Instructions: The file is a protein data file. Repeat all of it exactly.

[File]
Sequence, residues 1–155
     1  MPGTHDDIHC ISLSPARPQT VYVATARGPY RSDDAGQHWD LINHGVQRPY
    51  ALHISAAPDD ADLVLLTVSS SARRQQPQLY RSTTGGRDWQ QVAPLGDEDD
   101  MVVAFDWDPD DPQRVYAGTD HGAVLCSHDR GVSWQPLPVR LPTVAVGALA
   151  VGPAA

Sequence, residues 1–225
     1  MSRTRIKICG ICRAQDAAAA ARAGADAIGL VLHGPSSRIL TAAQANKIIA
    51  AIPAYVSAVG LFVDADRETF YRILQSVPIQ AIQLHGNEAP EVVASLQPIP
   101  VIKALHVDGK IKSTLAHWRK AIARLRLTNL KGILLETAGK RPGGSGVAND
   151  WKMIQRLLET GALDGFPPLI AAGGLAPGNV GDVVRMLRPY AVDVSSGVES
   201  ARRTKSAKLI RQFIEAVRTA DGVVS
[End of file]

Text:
Sequence, residues 1–155
     1  MPGTHDDIHC ISLSPARPQT VYVATARGPY RSDDAGQHWD LINHGVQRPY
    51  ALHISAAPDD ADLVLLTVSS SARRQQPQLY RSTTGGRDWQ QVAPLGDEDD
   101  MVVAFDWDPD DPQRVYAGTD HGAVLCSHDR GVSWQPLPVR LPTVAVGALA
   151  VGPAA

Sequence, residues 1–225
     1  MSRTRIKICG ICRAQDAAAA ARAGADAIGL VLHGPSSRIL TAAQANKIIA
    51  AIPAYVSAVG LFVDADRETF YRILQSVPIQ AIQLHGNEAP EVVASLQPIP
   101  VIKALHVDGK IKSTLAHWRK AIARLRLTNL KGILLETAGK RPGGSGVAND
   151  WKMIQRLLET GALDGFPPLI AAGGLAPGNV GDVVRMLRPY AVDVSSGVES
   201  ARRTKSAKLI RQFIEAVRTA DGVVS